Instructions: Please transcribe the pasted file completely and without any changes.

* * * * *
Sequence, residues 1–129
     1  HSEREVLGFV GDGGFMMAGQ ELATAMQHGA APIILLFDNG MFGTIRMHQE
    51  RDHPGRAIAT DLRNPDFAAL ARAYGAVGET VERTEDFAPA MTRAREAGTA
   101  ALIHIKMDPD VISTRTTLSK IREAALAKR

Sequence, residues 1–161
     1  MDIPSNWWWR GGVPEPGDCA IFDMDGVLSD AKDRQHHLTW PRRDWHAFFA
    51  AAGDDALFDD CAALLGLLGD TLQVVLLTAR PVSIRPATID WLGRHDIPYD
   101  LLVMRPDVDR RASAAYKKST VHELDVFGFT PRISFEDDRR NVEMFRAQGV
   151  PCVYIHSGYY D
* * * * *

Sequence, residues 1–129
     1  HSEREVLGFV GDGGFMMAGQ ELATAMQHGA APIILLFDNG MFGTIRMHQE
    51  RDHPGRAIAT DLRNPDFAAL ARAYGAVGET VERTEDFAPA MTRAREAGTA
   101  ALIHIKMDPD VISTRTTLSK IREAALAKR

Sequence, residues 1–161
     1  MDIPSNWWWR GGVPEPGDCA IFDMDGVLSD AKDRQHHLTW PRRDWHAFFA
    51  AAGDDALFDD CAALLGLLGD TLQVVLLTAR PVSIRPATID WLGRHDIPYD
   101  LLVMRPDVDR RASAAYKKST VHELDVFGFT PRISFEDDRR NVEMFRAQGV
   151  PCVYIHSGYY D